“What do you say, Susan?”

“Don’t be angry, Lu,” said Susan, “but I do think we should go down. I’m dead tired. Do let’s get out of this wretched wood into the open as quick as we can. And none of us except you saw anything.”

“Edmund?” said Peter.

“Well, there’s just this,” said Edmund, speaking quickly and turning a little red. “When we first discovered Narnia a year ago - or a thousand years ago, whichever it is - it was Lucy who discovered it first and none of us would believe her. I was the worst of the lot, I know. Yet she was right after all. Wouldn’t it be fair to believe her this time? I vote for going up.”

“Oh, Ed!” said Lucy and seized his hand.

“And now it’s your turn, Peter,” said Susan, “and I do hope--”

“Oh shut up, shut up and let a chap think,” interrupted Peter. “I’d much rather not have to vote.”

“You’re the High King,” said Trumpkin sternly.

“Down,” said Peter after a long pause. “I know Lucy may be right after all, but I can’t help it. We must do one or the other.”

So they set off to their right along the edge, downstream. And Lucy came last the of party, crying bitterly. (CS Lewis, Prince Caspian)

How many of us know where we're supposed to follow, only we don't, because nobody else sees what we see, and we get talked out of it?

How many of us are sacrificing our whole lives to sameness?

I wonder how many of us are like Lucy, coming along behind and crying bitterly?

This leads me to my third puzzle-piece:

3.  We really don't have that kind of time

Anne Lamott tells this wonderful story in Bird By Bird:

“But about a month before my friend Pammy died, she said something that may have permanently changed me.

“We had gone shopping for a dress for me to wear that night to a nightclub with the man I was seeing at the time. Pammy was in a wheelchair, wearing her Queen Mum wig, the Easy Rider look in her eyes. I tried on a lavender minidress, which is not my usual style. I tend to wear big, baggy clothes. People used to tell me I dressed like John Goodman. Anyway, the dress fit perfectly, and I came out to model it for her. I stood there feeling very shy and self-conscious and pleased. Then I said, ‘Do you think it makes my hips look too big?’ and she said to me slowly, ‘Annie? I really don’t think you have that kind of time.'”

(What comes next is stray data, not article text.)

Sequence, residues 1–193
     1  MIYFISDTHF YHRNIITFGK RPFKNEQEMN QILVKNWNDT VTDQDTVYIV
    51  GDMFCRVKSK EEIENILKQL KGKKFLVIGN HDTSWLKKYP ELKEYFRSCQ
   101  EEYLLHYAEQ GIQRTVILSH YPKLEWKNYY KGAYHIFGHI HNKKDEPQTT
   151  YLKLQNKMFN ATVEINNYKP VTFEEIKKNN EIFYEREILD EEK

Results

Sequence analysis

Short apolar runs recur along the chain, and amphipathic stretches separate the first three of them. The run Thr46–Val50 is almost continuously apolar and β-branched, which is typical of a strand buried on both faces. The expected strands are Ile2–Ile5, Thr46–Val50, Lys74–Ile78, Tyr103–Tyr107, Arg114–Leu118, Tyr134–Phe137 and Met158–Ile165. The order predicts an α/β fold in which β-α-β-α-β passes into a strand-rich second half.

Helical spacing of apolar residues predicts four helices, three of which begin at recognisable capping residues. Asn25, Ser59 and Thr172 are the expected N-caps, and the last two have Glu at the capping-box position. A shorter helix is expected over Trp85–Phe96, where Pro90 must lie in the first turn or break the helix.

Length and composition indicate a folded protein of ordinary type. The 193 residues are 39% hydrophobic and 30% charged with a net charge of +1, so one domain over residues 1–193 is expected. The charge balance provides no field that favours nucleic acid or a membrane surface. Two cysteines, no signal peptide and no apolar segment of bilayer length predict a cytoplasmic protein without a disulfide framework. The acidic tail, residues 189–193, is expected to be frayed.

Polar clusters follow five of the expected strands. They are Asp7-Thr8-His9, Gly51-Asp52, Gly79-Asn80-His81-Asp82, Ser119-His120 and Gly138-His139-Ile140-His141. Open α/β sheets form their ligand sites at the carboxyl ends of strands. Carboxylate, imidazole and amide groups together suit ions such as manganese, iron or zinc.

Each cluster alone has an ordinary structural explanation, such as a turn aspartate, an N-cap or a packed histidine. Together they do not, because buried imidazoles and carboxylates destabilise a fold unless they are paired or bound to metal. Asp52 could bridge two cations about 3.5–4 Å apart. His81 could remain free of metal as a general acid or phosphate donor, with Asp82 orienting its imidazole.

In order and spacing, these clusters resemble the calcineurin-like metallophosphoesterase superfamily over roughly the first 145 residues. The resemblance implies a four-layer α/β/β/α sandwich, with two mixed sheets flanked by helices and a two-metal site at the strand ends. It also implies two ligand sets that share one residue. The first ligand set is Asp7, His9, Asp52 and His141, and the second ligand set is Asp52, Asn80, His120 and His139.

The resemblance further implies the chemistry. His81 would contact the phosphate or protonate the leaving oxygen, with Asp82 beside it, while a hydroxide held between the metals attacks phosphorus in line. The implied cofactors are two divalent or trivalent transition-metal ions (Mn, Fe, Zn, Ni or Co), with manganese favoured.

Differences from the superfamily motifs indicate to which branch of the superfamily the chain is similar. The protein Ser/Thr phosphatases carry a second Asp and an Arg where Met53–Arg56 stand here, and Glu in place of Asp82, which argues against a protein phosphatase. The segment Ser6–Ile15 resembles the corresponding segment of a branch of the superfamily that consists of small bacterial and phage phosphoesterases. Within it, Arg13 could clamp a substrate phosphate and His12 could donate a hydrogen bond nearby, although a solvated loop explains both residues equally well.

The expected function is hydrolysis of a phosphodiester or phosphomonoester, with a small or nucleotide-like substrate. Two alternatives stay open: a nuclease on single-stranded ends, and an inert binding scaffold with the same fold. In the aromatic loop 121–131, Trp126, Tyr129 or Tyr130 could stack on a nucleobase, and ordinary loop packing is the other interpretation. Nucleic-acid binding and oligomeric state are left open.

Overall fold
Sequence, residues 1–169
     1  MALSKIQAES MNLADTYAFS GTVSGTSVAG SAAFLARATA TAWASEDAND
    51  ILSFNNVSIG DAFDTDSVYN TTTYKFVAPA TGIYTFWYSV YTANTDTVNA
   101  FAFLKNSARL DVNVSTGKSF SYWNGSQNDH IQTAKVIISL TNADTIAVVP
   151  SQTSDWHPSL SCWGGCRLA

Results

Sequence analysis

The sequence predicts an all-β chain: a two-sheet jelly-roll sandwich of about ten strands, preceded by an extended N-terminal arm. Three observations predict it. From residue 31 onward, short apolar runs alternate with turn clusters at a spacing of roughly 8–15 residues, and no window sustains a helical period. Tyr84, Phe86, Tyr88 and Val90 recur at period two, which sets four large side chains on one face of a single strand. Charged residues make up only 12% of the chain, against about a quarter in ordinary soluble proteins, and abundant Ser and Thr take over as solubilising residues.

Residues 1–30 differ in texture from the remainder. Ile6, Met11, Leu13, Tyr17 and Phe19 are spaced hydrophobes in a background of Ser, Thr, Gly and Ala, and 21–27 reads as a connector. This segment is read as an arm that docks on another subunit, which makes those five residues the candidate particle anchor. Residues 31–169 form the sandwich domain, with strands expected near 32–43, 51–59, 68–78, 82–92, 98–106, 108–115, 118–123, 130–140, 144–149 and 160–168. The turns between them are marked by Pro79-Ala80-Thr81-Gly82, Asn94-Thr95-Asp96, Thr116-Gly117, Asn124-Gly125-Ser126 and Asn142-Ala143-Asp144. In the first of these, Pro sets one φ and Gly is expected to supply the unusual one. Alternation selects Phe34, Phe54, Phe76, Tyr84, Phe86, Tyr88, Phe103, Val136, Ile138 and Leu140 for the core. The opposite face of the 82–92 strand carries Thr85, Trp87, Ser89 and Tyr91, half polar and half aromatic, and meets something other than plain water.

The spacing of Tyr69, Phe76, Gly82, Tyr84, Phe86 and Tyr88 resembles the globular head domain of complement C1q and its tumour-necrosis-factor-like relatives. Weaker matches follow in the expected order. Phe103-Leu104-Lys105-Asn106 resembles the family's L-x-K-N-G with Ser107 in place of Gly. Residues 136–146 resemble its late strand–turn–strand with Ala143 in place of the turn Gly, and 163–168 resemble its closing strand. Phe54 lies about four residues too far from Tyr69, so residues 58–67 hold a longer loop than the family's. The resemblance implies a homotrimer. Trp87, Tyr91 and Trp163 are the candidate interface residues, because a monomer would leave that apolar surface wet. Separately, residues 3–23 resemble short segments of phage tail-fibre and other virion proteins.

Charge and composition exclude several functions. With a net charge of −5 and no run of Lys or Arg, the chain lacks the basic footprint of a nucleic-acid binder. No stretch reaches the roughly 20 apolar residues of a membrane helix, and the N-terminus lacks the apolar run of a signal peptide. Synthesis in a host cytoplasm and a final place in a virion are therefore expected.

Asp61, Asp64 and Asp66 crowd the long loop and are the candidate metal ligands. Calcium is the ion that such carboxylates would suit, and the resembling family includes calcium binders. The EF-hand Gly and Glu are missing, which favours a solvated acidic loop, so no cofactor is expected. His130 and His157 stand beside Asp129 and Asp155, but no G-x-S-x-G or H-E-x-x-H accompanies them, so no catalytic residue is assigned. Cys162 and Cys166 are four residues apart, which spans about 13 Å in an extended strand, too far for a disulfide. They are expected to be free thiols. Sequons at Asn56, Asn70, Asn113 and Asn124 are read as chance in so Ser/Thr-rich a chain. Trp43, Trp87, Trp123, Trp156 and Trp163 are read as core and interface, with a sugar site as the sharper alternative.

The truth is, we don't have that kind of time.  None of us do.

If we think we've got time to waste on our own fears and the fears of others, we're just kidding ourselves.  

All we have is today.

How much of this glorious gift of today have we given away to the sameness, to the fear, to the real-or-imagined judgment of others?

And how would our lives be different if we lived instead in the fullness of Love, confident that we're safe and precious and blissfully okay even when we're different?

Where would we go if we fearlessly followed Love, instead of being held back by sameness?

I don't know what this would mean for you.  I'm not even sure what it means for me.  I just want to be less afraid, and more willing to strike out into the unknown.  

Even though that means I'm different.

Here's a theme song I love:  Try Everything.

Because the next best thing to Narnia is a really excellent animated movie, and you guys.  Zootopia forever!!

Let's turn it up and make some good mistakes today, without pulling each other back in the bucket.  Instead, cheering each other on.  

I messed up tonight, I lost another fight
I still mess up but I'll just start again
I keep falling down, I keep on hitting the ground
I always get up now to see what's next

Birds don't just fly, they fall down and get up
Nobody learns without getting it wrong

I won't give up, no I won't give in
Till I reach the end and then I'll start again
No I won't leave, I wanna try everything
I wanna try even though I could fail
I won't give up, no I won't give in
Til I reach the end and then I'll start again
No I won't leave, I wanna try everything
I wanna try even though I could fail

Oh, oh, oh, oh, ohh
Try everything
Oh, oh, oh, oh, ohh
Try everything
Oh, oh, oh, oh, ohh
Try everything
Oh, oh, oh, oh, ohh

Look at how far you've come, you filled your heart with love
Baby you've done enough, take a deep breath
Don't beat yourself up, don't need to run so fast
Sometimes we come last, but we did our best

I won't give up, no I won't give in
Til I reach the end and then I'll start again
No I won't leave, I wanna try everything
I wanna try even though I could fail
I won't give up, no I won't give in
Til I reach the end and then I'll start again
No I won't leave, I wanna try everything
I wanna try even though I could fail

I'll keep on making those new mistakes
I'll keep on making them every day
Those new mistakes

Oh, oh, oh, oh, ohh
Try everything
Oh, oh, oh, oh, ohh
Try everything
Oh, oh, oh, oh, ohh
Try everything
Oh, oh, oh, oh, ohh

Try everything